10 Editing Tips For Effective Writing

Writing is present in every student’s life. In school or college, a person has to write many essays, argumentative statements, and research papers. 

Most people find it difficult to write even a short text. These difficulties can be of various kinds. For example, one person lacks the banal desire and willpower to just sit down and start writing something. Another one maybe would like to write something, but it is hard to decide on the topic or pick the right words. A third person can write a lot but then notices that their text has many mistakes.

All of these problems are related not so much to innate abilities as to knowledge and skills. And these, as we know, can and should be developed and improved. If you start small, it is better to watch how professionals create essay reviews. Observation allows people to form a list of what suits a person in their creative process.

One must remember that writing is a complex skill consisting of various knowledge and abilities. It requires:

  • to be an educated and versatile person;
  • to be motivated; 
  • to know the norms of language and rules.

If a person knows that all of the above is about them, then our tips for effective writing are sure to work.

1. Know Your “Enemy”

For a text to be effective, one must approach it differently each time. Professors in high school or college give out different writing assignments. There are three main types:

  • Formal Writing
  • Informal Writing
  • Timed Writing

Each of these dictates a different type of text. It will be easy for students to understand what professors expect of them if they learn the main features. The formula for effective writing here is simple: “know what is expected + put in the limits set = a great written product.”

2. Work on Vocabulary

Vocabulary improves with every book, article, or short story read and understood. It is important to remember that one should know not only the words but also know their meaning. In this way, one develops an understanding of when it is appropriate to use certain words. Sometimes, one word can completely distort the meaning of a sentence. A sentence, in turn, can distort the entire text. 

3. Remember about the Reader

A person can write whatever they want in a raw draft. It is just an outline of the finished text. As one begins to edit, they must keep in mind who will be reading the text. A professor? Fellow students? Friends? Strangers at literary forums? 

The text is effective when one is mindful of who is going to read it. In this way, the person pumps up the skill and becomes a better writer. If the audience is not interested in the appeal, then all the effort is in vain.

4. Remove Unnecessary Words

To write effectively is to write simply and clearly. Complicated and pretentious word combinations will not convey writing skills. Besides, the text becomes difficult to read. Rereading, one needs to put themselves in the place of the reader. In this way, it will be easier to understand what makes a text difficult to read.

5. Listen to Critics

Criticism can be subjective, where the critic simply wants to say that the text is bad. If the critic explains their position with examples, it is better to listen to such criticism. An outsider’s view helps one understand what is missing in the texts.

6. Outside Help

Even the best writers need the help of modern technology. Artificial intelligence has no emotion or affection to spare human feelings. That’s why help from the best writing platforms can be invaluable. Commas will be in place. Difficult words will be underlined. The reference list will be arranged in the best way possible.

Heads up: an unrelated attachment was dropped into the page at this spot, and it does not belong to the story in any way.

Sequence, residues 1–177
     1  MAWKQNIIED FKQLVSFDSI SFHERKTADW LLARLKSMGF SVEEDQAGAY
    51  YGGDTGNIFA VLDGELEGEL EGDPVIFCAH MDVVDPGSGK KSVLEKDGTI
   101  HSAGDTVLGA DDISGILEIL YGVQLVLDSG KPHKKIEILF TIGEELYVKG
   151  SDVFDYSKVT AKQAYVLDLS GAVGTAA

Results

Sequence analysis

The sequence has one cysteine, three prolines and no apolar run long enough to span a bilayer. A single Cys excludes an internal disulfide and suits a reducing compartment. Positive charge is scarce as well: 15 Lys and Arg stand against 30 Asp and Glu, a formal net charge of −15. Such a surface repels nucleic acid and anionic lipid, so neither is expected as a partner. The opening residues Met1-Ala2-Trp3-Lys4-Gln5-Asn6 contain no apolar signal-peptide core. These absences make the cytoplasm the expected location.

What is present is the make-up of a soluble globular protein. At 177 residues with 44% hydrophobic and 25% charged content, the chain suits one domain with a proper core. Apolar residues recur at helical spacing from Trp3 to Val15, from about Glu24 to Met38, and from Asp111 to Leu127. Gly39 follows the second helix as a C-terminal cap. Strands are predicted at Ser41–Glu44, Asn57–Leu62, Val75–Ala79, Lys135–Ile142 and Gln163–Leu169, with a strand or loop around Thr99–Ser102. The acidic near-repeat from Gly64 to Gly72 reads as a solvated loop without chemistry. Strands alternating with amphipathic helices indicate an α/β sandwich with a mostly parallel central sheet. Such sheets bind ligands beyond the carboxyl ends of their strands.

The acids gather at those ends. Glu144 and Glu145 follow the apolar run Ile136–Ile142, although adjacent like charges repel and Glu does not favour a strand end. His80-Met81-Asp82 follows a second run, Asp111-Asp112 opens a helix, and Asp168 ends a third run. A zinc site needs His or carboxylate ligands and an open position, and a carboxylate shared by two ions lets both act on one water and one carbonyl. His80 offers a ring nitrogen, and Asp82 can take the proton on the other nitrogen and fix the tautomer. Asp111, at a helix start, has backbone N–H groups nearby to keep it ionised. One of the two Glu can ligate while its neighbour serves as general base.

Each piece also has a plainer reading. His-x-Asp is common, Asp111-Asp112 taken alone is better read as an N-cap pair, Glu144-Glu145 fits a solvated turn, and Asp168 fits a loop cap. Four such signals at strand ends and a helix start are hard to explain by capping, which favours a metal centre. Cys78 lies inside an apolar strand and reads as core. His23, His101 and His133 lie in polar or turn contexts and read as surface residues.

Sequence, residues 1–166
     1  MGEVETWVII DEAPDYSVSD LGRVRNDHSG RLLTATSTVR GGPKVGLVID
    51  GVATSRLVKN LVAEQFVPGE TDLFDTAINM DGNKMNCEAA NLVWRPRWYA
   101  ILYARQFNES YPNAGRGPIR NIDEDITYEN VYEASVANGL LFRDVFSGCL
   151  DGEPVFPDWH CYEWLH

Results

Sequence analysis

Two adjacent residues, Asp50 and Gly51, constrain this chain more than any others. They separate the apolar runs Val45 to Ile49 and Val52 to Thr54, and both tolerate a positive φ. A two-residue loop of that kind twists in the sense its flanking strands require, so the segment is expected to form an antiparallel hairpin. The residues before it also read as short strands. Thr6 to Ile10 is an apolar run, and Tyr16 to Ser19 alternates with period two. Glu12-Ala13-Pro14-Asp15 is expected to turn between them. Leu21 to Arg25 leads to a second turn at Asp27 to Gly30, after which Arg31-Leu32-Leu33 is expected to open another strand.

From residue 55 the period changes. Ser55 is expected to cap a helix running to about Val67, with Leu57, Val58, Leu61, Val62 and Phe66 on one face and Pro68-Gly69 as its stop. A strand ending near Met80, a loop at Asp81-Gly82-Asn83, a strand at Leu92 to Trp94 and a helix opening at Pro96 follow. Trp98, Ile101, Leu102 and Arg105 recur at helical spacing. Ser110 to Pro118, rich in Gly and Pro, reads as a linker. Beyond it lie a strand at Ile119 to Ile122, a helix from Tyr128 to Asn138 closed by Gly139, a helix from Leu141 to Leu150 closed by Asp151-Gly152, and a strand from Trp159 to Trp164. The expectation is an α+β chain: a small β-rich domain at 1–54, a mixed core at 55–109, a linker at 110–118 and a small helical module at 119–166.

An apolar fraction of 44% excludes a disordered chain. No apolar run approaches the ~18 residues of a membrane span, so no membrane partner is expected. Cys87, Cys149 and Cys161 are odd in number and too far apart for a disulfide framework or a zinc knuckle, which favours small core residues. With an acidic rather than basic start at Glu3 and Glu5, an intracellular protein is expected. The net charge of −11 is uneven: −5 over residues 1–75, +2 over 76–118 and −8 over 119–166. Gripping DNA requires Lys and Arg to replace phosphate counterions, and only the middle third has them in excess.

Of course, one should not completely rely on AI. It is necessary to accept its help but understand when the proposed replacement does not correspond to the desired result.

7. Avoid clichés

Some phrases sound too beautiful to resist using in the text. At the same time, people use them so often that they have become clichéd. They are generic and do not add to the text’s effectiveness. Readers are so used to clichés that they do not remember what they read.

Will a text be effective if it is not remembered? 

8. Avoid Generalizations

Generalizations and class stereotypes destroy the text. A writer can afford to generalize only when it comes to the results of an experiment. In creative writing, one should not rely on generalization-stereotypes. The reader is unlikely to be impressed by a writer who creates a female or male character based on faulty character judgments. 

9. Calculate Time

One should try to organize a writing process so that they have at least a few hours to spare. 


One needs to do this so they can go back to what they’ve written. A break from writing and a change of activity relax the eyes, which no longer notice mistakes or difficult words. After a rest, one will perceive one’s text as a reader, not a writer. In this way, one can notice anything that needs to be corrected.

10. Enjoy the Process

Is it cliché to say that it is important to enjoy the process? Absolutely. But it is also the truth of life. Writing will not be effective if one does not enjoy what they are doing. The text will be dry and unemotional because the student is writing just to get the assignment over with.

There are many tips on how to love the writing process. We’d like to suggest a little exercise. Each day create a new character by answering a series of questions in writing:

  • who is this person?
  • what is their main goal in life?
  • what do they think about all the time?
  • how do they feel every day?
  • what problems do they have?
  • what are they afraid of? 
  • what happened to them in the past?

Each character will come to life. They will be interesting to follow, and thus – to write in a way that will interest others.